Brief comments on four short articles from this week, on disparate topics:
James Capretta of the American Enterprise Institute (meaning he is politically right of center) pleads in the Journal of the American Medical Association (JAMA) for compromise between Republicans and Democrats on further healthcare policy reform. Arguing that the House-passed American Health Care Act (AHCA) may never pass, he believes that a better result politically and for public policy would be if legislators could, in essence, split the difference between the AHCA and current law, the Affordable Care Act (ACA, aka “Obamacare”) on some points where he sees some agreements in principle. He proposes: 1) a hybrid approach between the ACA’s income-based tax credits for health insurance purchase and the AHCA’s age-based approach; 2) ensuring continuous insurance coverage for people with pre-existing conditions by modifying the ACA’s penalties for not being insured to fall more heavily on higher-income people; 3) setting limits on the favorable tax treatment of employer-paid health insurance premiums; 4) automatically enrolling uninsured people into a bare-bones, no-premium plan from which they could opt out in favor of re-enrollment in a different plan (a proposal that sounds to me a lot like the Democrats’ “public option” with a guaranteed fight over scope of coverage); and 5) limiting Medicaid expansion to tie it to reform of the program (something that sounds to me a lot like what I understand is currently in the AHCA). Mr. Capretta knows a lot more about health policy than I, and has been at it a lot longer. His ideas seem reasonable. But he admits that bipartisan compromise “may be wishful thinking,” and I must confess that my reaction to his article is, “when pigs fly.”
The editors of Nature smile on Pope Francis’s meeting with Huntington’s disease researchers and patients. Many of the latter group, they note, are poor Venezuelan (who there is not poor—and oppressed—these days?) Catholics who greatly aided research with tissue donations “with little tangible reward.” The editors further cite the Pope’s encyclical Laudato si, with its acceptance of the existence of anthropogenic climate change, as a hopeful sign that the Catholic Church will one day use its considerable influence to compromise on “sensitive issues” such as sanctity of human life from conception, and embryo selection. Still, “there is a chasm between religion and science that cannot be bridged. For all its apparent science-friendliness, Laudato si sticks to the traditional Vatican philosophy that the scientific method cannot deliver the full truth about the world.” The editors call for “fresh dialogue” between science and religion—by which they mean capitulation of the latter to the flawed-on-its-face epistemology of the naturalist. I’m not buying.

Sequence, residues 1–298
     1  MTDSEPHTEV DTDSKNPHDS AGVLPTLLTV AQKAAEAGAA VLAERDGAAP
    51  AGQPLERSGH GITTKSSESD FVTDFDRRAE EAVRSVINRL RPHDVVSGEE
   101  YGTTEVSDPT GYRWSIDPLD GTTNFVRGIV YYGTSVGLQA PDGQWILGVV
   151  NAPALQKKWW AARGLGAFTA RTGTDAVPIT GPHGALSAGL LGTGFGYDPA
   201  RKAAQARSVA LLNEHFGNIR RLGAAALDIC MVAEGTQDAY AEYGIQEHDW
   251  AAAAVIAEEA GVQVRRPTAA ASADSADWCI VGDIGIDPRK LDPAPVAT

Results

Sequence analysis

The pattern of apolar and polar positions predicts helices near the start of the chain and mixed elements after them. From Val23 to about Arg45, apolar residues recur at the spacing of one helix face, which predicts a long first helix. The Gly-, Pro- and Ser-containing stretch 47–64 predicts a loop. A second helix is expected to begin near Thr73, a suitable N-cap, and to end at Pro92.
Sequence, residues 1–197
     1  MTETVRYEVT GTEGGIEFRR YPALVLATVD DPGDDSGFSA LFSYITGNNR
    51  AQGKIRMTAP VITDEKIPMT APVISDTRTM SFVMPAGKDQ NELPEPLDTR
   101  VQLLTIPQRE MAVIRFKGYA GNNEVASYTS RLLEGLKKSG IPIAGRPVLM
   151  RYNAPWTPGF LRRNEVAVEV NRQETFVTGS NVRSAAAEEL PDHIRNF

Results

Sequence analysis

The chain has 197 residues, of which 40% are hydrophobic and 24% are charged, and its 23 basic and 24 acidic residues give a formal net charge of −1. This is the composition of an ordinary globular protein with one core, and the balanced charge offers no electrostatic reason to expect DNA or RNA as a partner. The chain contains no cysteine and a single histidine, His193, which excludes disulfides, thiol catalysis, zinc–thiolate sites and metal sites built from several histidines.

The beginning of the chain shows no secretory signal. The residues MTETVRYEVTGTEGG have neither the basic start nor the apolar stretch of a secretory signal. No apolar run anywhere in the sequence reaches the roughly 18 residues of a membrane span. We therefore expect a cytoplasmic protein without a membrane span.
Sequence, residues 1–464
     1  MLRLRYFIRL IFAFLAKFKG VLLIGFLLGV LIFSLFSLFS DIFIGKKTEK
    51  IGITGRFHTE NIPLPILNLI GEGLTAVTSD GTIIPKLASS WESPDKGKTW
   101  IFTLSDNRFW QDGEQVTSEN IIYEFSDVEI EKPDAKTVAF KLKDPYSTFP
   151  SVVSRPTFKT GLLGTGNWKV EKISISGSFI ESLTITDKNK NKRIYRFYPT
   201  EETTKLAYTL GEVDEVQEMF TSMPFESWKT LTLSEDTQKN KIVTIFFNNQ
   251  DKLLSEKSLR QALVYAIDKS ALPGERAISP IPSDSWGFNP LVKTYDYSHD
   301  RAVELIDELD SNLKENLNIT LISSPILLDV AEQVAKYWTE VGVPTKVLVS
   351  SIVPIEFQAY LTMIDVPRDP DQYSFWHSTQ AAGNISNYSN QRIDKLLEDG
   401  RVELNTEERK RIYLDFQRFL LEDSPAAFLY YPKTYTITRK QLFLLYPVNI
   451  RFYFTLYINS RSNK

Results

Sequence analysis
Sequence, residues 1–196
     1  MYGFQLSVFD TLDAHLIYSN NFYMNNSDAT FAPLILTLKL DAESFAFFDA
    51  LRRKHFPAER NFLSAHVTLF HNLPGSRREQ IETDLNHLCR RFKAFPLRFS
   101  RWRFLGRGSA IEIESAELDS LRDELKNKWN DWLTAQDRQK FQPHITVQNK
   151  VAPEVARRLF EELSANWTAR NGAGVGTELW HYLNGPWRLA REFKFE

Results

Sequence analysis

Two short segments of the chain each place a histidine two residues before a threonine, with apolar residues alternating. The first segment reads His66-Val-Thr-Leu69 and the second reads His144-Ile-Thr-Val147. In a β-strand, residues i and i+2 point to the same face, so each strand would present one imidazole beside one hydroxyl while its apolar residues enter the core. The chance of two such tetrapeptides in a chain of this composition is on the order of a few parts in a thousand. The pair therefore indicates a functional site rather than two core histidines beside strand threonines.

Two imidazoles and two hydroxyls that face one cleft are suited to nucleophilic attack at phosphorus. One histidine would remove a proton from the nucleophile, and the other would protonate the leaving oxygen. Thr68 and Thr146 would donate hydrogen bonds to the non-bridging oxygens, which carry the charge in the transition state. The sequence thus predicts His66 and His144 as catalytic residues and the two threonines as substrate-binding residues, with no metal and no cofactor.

Another provocative piece in JAMA tackles ethical concerns about drug company marketing of treatments for rare diseases. The specific concern is “disease awareness” campaigns. The authors cite a collaboration between Incyte, the manufacturer of the only FDA-approved treatment for a rare disease (there are older, “grandfathered,” treatments of modest effectiveness), and the producers of the soap opera General Hospital, in which a character has said rare disease and (not quite like Huey Lewis) wants a new drug. The authors ask: Is disease awareness marketing in disguise? Do disease awareness campaigns promote sales of specific drugs? Does awareness of rare diseases really help, when, unlike common diseases, more aware people can get effective treatment at an earlier point in the disease history, but with rare diseases, they might only be overdiagnosed, overtested, and overtreated. Hmmm. The authors allow that the courts have protected direct-to-consumer drug advertising as free speech, but assert a duty of the medical profession to ensure that information to the public is not only true in a narrow sense but also not misleading. They conclude with a bit of an overreach: “[D]irect-to-consumer advertising is a massive medical intervention with unproven public health benefit, dubious plausibility, and suggestive evidence of harm.” The suggestion is that “disease awareness” campaigns ought to be regulated by the FDA. I have to say I’d find it amusing, to say the least, for the FDA to be regulating soap operas—a candidate for Mad magazine’s “Scenes We’d Like to See.”
Wesley Smith blogs that Ontario is moving toward creating mandatory policies regarding assisted suicide that have the strong possibility, if not likelihood or certainty, that doctors will be required to help provide aid in dying or refer “in good faith” to other doctors who will—essentially steamrolling any conscience exemptions. He sees in this a deliberate, tyrannical program to destroy the soul of medicine, extinguish thoughts of the sanctity of life, and cleanse the medical profession of religious or Hippocratic practitioners. So do I. Follow the link and read his post.